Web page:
Of mosques, migration, and boiling points

I've been meaning to mention the New York mosque for a little while now, and am finally getting around to it apropos Althouse yesterday. Hitchens raises the valid counterpoint to the Islamophobia charge:
As Western Europe has already found to its cost, local Muslim leaders have a habit, once they feel strong enough, of making demands of the most intolerant kind. Sometimes it will be calls for censorship of anything "offensive" to Islam. Sometimes it will be demands for sexual segregation in schools and swimming pools. The script is becoming a very familiar one. And those who make such demands are of course usually quite careful to avoid any association with violence. They merely hint that, if their demands are not taken seriously, there just might be a teeny smidgeon of violence from some other unnamed quarter …
It struck me from the beginning that the same Republican Party that frequently lambastes notions of "cultural sensitivity" should be crying out for such just now, especially in the particularly religious context of the current debate, which seems to suggest not so much an opposition to something being built, but simply to the religion associated with the thing being built.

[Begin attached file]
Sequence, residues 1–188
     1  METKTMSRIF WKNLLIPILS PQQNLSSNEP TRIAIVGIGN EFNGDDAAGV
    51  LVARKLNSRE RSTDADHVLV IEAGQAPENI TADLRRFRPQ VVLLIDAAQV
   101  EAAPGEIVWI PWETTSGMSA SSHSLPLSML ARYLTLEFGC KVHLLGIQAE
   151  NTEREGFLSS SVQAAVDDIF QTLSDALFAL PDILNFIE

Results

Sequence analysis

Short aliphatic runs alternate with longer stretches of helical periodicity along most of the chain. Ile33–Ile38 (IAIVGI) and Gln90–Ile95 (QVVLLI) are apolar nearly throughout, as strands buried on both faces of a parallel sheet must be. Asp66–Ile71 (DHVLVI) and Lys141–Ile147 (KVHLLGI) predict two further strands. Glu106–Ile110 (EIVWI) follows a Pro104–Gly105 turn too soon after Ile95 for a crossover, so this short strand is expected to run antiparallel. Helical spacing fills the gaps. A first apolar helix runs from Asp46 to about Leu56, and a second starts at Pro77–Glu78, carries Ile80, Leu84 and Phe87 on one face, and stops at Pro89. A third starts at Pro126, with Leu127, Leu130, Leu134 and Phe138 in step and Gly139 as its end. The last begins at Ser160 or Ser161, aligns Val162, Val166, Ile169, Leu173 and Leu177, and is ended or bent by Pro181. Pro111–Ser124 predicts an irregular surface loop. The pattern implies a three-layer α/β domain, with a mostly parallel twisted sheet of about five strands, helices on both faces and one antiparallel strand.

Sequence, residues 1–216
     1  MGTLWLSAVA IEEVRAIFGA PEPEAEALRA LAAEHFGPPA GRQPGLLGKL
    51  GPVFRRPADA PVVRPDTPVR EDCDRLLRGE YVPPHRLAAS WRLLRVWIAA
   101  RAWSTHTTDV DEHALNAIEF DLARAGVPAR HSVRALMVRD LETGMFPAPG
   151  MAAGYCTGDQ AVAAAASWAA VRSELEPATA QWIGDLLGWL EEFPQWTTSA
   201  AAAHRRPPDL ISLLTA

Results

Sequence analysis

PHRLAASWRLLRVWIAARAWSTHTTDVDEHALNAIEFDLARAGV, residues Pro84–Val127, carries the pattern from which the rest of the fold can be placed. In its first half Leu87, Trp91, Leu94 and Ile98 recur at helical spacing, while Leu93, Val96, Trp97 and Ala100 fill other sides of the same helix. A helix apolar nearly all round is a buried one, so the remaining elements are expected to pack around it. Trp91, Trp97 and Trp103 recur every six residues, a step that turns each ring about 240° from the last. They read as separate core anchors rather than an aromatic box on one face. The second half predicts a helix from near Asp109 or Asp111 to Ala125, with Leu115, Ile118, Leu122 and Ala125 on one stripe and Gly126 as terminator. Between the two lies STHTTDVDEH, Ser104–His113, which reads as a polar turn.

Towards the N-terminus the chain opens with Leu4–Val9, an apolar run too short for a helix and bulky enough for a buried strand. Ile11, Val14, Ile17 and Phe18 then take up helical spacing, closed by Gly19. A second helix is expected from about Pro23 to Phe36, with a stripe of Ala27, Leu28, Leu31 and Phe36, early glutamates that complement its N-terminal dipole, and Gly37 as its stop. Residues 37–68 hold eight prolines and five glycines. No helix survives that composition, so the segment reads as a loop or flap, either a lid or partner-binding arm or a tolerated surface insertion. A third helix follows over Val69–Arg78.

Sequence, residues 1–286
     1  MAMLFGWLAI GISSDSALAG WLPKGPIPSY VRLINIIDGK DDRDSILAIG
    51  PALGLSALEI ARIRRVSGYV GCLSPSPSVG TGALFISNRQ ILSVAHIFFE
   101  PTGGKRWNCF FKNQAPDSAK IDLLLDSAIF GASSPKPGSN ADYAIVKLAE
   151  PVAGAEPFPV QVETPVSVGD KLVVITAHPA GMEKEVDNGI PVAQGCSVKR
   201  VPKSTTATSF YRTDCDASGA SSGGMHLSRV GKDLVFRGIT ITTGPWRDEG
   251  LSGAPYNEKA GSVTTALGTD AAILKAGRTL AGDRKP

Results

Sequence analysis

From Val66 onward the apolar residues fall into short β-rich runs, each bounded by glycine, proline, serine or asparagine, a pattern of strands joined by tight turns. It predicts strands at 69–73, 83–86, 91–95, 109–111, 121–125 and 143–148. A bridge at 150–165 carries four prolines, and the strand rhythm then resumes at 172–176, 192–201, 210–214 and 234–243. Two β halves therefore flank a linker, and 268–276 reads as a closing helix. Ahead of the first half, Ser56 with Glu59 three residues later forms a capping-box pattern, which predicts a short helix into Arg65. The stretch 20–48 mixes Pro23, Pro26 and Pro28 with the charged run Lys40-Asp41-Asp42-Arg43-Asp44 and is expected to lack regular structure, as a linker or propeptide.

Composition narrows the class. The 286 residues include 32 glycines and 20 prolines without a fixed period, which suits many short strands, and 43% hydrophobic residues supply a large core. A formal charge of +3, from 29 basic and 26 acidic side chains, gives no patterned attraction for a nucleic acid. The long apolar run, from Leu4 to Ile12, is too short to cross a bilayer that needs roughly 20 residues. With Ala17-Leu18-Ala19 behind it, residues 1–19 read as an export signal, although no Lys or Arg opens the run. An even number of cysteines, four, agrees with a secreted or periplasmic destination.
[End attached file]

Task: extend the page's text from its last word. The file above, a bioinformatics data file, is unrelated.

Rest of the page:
But that isn't really my beef...

In fact, I understand where some opponents of the mosque are coming from -- I get why this could be considered offensive. I think the mosque's opponents are reading things wrong, not quite seeing the right angles, but I get where they're coming from.

My beef is this: opposition to this mosque helps to lower the boiling point on the melting pot of cultures that America prides itself on being.

You see, Europe does a pretty bad job assimilating immigrants. Not just Muslims -- Roma are just as poorly assimilated, and I wouldn't hesitate to guess that many others who come in have equally difficult times. Europe has built up an identity for itself based largely on race.

Jus sanguinis goes a long way toward that. Pushing for English as the official national language would go a long way toward that same end. These measures push -- although often meant to boil the pot faster and make "Americans" sooner -- really have the opposite effect. They shore up an us-versus-them dichotomy. They entrench differences, and dash hopes of assimilation. When immigrants come here, even if they don't speak much, or any, English, even if they weren't born here, they can still immediately grab on to the American dream -- and that's what makes them one of us. That, indeed, is what built this country.

And so does opposing the building of mosques. In a neighborhood with two existing mosques, where no locals have found another offensive, there is no good reason to claim offense. America's Muslims have been pretty well integrated -- far better than Europe's. Part of that is because they have the religious freedom to build mosques where they will. Opposing this mosque is a step -- a small step, but a step nonetheless -- toward lowering the boiling point on Muslims, making it harder to assimilate them. And that makes greater danger down the line.